Cover Crop Chats - Managing Manure
Cover crops can be a great way to manage manure, or lack thereof…. Let’s talk about how to put your legumes to work and when to make sure you have grasses and non-legume broadleaves with them.
Lazy Legumes -
Everyone wants their cover crop to work for them, especially when it comes to legumes fixing nitrogen. If you are not a producer that has manure to spread on fields after harvested crops, a blend heavy on legumes is a very good option to fix nitrogen and provide other nutrients for your soil. Where manure is applied, legumes don’t do as much work for you as they should. Legumes in those areas have plenty of soil nitrogen available, so they don’t need to give up any energy to connect with rhizobia and fix nitrogen. This creates those lazy legumes... So, what should be the focus in a mix where manure is applied? Catch Crops.
What is a Catch Crop? -
A catch crop will take up the available nitrogen and other nutrients that your manure contains and hold on to it for you. Grasses and non-legume broadleaves are the ticket here. Without the ability to fix their own nitrogen, these crops are very efficient in using their fibrous roots or tap roots to grab available nutrients. Those valuable nutrients cannot be lost to wind or water erosion or volatilization if they are safely tucked away in plant tissues. When your catch crop is terminated, those nutrients from your manure are put back into the soil where you need them.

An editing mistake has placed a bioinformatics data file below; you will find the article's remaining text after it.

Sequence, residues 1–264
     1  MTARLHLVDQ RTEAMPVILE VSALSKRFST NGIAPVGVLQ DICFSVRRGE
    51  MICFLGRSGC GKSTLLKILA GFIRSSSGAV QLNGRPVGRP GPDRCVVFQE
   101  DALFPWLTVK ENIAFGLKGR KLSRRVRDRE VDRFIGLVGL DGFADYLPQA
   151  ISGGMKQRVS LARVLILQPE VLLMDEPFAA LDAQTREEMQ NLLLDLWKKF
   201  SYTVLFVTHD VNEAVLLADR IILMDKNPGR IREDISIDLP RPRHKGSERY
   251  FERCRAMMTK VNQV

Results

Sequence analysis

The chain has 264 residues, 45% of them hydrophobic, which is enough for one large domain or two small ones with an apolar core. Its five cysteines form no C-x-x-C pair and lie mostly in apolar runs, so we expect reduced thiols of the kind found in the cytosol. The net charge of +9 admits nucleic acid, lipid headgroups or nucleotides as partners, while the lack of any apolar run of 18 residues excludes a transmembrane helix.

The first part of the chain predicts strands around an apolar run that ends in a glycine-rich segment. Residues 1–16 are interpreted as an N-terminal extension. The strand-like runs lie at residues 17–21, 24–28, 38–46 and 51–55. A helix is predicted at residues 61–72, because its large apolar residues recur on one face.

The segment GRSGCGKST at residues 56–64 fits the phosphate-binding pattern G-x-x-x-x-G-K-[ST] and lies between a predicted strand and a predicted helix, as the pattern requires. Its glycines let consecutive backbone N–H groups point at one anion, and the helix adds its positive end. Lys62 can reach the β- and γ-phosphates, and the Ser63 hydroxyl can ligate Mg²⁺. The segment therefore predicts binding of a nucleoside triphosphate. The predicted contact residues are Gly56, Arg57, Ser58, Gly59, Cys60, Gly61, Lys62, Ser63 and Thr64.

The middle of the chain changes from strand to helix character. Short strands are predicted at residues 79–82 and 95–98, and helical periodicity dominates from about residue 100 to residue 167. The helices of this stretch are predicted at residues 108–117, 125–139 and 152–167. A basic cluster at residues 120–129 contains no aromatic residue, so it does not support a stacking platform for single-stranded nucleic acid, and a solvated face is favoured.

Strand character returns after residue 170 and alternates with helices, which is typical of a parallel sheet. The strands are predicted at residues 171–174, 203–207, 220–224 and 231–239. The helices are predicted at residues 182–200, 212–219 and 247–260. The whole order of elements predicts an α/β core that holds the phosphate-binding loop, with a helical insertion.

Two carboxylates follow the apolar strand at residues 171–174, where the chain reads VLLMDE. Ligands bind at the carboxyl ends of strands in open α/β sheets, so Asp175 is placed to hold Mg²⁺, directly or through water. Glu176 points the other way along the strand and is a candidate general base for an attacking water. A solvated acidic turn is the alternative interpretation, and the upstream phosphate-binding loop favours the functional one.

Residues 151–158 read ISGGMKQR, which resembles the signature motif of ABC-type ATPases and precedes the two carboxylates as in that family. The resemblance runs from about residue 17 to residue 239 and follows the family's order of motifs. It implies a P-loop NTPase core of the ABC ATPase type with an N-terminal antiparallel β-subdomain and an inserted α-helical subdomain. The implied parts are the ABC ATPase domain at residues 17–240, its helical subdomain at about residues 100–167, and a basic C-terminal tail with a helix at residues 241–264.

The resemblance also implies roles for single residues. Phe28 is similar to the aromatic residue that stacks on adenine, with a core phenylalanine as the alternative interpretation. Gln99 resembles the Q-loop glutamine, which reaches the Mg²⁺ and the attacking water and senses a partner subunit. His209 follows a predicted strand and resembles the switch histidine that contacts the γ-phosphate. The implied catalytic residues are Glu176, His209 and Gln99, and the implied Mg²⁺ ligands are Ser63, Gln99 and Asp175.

None of this is to say you should not combine grasses and broadleaf plants with legumes. Please do! This is more about choosing what the goal of your cover crop is. No manure to spread? Focus heavier on the legumes, but still have the other species in there for forage quality and diversity. Have plenty of manure to spread? Still use legumes in the blend with your catch crop for the root diversity and added forage protein.
BONUS: The Pasture Side of Things –
This overall concept leaks over into the pasture world as well! Aside from the forage quality value that legumes and grasses have together, this symbiotic growth is another reason we recommend the pairing!
Focus on your goals, and choose the cover crop or “catch crop” that is right for you!